Climbing a maze of virtually endless staircases only to arrive at nothing in particular may not sound like something most people want to do in their free time, but when a new structure called “Vessel (TKA)” opened in New York City on March 15th, over 1,000 people waited at its base to do exactly that. Designed by Thomas Heatherwick, the copper-colored Vessel looks sort of like a cross between a cone of meat roasting on a stick and a beehive, looming 150 feet into the air above the new $25 billion complex known as Hudson Yards.
“To create something meaningful, the studio wanted to create a structure that visitors could use, touch, and relate to,” reads Heatherwick’s description of the project. “Drawing inspiration from the ancient step wells of India, the studio sought to evoke the powerful effect of their repeating steps, flights, and landings that reach down to the earth… polished copper undersides contrast with the raw painted steel surfaces of the complex architectural framework, enlivening the structure with reflections of the surrounding city. Forming the heart of this large new district, Vessel represents the intention for Hudson Yards to create a meaningful public legacy for New York.”
It should be noted that “Vessel” is only a temporary name. Heatherwick says the structure’s final name will be determined by the public as they continue to experience it. Thus far, suggestions have been less than flattering: among those listed on the NYC subreddit are “Shawarma,” “The Abdomen,” “Staircase McStaircaseface,” “UnitedHealth Group Vessel Brought to You by Papa John’s Dot Com Bowl” and “Chalice of the Privileged.” Even professional editorials have called it everything from an “alien tribunal” to “a billionaire’s fantasy city.”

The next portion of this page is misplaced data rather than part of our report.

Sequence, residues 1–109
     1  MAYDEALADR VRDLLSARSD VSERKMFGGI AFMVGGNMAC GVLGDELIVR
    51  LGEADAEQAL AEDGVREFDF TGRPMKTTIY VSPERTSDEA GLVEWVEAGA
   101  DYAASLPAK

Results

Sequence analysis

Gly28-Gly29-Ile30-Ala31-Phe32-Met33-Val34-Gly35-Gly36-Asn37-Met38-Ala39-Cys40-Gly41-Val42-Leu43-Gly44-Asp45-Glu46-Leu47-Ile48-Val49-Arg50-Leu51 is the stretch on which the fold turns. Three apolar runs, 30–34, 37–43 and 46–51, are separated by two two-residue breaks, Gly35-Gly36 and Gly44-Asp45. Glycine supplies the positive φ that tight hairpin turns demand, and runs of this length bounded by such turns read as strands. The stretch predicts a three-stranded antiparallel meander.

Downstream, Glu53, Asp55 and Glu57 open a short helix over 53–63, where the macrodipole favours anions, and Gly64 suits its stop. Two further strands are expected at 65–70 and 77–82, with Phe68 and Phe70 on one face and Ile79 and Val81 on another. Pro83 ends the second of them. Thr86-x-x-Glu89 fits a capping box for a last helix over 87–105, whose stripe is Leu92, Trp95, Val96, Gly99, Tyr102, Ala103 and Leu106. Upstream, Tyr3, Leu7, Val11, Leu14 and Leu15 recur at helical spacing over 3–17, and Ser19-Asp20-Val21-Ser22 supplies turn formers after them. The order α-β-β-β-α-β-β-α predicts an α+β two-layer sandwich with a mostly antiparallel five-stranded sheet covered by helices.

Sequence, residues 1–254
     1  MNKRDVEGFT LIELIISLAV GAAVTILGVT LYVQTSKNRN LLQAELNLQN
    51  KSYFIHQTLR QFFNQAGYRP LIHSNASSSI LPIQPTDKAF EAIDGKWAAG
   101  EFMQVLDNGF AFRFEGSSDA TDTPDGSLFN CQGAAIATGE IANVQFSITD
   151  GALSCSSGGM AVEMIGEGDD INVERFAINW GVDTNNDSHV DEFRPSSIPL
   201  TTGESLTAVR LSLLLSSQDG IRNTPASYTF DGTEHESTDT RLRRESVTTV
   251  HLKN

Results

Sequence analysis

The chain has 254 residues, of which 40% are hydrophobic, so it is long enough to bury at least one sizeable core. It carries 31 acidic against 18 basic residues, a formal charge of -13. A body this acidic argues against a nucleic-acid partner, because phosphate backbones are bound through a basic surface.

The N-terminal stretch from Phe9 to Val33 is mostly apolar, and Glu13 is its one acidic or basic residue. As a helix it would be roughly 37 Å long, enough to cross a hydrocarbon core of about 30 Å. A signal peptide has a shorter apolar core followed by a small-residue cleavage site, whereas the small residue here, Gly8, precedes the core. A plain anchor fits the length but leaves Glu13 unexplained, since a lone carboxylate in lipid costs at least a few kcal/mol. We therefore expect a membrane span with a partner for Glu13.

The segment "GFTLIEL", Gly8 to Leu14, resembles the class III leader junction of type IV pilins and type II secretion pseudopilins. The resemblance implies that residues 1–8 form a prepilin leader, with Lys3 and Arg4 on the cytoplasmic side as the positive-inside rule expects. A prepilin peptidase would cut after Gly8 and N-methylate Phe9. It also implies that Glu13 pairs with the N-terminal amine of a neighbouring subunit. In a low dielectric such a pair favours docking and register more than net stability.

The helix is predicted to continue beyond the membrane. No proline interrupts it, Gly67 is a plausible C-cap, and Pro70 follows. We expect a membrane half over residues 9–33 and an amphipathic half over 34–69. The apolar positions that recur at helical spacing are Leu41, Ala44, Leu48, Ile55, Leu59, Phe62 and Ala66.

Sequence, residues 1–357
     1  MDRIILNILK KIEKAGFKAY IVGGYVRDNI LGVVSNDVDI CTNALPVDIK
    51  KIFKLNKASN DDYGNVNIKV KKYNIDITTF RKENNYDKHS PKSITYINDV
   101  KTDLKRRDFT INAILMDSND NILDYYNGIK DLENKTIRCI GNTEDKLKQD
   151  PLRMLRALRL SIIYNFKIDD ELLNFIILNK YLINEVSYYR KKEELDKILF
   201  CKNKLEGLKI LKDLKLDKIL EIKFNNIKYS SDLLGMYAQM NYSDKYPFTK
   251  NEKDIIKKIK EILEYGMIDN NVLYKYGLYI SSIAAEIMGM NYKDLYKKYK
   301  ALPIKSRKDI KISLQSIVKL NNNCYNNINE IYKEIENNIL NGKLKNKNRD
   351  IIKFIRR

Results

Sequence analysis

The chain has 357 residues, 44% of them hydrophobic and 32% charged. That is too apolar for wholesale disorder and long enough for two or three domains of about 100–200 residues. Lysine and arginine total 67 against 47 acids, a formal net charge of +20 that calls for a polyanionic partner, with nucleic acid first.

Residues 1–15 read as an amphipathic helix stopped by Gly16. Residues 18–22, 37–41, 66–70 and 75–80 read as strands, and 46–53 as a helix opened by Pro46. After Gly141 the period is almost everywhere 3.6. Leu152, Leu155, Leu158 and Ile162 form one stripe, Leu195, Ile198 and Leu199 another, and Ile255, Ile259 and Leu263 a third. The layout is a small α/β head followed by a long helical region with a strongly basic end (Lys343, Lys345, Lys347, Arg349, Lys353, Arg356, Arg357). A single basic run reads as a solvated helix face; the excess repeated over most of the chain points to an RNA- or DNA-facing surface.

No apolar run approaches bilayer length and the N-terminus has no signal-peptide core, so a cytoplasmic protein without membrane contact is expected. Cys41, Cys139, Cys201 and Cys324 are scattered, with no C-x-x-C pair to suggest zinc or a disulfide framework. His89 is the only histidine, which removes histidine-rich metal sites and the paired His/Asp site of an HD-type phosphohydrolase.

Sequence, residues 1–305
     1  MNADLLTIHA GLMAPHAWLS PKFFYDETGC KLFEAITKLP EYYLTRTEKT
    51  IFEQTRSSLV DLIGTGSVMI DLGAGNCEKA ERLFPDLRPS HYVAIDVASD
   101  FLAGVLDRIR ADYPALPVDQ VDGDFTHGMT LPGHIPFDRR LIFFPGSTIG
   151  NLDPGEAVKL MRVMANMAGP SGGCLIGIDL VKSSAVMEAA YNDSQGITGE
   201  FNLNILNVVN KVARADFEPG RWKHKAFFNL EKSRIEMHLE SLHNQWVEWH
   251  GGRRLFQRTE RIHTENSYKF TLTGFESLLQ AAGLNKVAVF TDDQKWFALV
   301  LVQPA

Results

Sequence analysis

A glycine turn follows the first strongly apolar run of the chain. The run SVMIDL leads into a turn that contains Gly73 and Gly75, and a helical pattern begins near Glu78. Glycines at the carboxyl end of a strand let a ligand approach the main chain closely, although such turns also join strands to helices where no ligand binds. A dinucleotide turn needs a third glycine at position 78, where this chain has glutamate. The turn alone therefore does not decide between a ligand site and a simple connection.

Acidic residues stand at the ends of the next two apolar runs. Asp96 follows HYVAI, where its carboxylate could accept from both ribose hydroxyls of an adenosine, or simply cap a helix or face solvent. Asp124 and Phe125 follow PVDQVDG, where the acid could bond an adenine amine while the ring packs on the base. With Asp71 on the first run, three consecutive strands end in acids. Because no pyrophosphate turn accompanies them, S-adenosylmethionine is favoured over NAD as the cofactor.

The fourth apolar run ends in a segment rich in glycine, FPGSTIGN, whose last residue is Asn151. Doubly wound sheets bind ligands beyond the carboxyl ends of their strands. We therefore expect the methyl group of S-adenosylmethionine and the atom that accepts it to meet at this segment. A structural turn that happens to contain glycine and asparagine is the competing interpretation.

Much of the criticism surrounding the structure stems from Hudson Yards’ apparent inaccessibility to everyday New Yorkers, and the fact that it was built using $4.5 billion in taxpayer money. The complex is built above a 28-acre rail yard on the city’s “Far West Side,” which formerly represented the largest swath of undeveloped property in Manhattan, and is only half complete at this point.
Controversy aside, the public is clearly clamoring to take part in the experience of climbing Vessel, even if all they get from it is an elevated heart rate and a red face. It shouldn’t be too hard to do, either, considering 700 people can be on it at one time and climbing is totally free. Still, visitors are encouraged to snag reservations online at least 14 days in advance, as all upcoming reservations are currently sold out. Hundreds of people lined up to get inside on opening day, and social media platforms like Twitter and Instagram have been flooded with the resulting selfies ever since.